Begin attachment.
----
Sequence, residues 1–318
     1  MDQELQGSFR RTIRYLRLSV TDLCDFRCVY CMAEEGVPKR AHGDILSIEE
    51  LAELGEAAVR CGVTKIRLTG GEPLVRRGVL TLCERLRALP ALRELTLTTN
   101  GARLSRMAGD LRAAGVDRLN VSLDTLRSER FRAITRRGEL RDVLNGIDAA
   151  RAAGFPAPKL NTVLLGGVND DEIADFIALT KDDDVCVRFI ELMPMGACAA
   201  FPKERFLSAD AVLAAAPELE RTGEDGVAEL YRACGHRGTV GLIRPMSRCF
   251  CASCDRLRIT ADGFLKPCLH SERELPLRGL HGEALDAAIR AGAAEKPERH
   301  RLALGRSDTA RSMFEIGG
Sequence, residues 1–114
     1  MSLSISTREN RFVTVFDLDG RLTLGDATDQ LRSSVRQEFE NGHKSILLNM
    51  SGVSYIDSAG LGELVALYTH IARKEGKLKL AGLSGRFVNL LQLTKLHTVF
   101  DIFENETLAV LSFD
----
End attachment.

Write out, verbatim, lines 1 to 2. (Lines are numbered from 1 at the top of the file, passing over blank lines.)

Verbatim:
Sequence, residues 1–318
     1  MDQELQGSFR RTIRYLRLSV TDLCDFRCVY CMAEEGVPKR AHGDILSIEE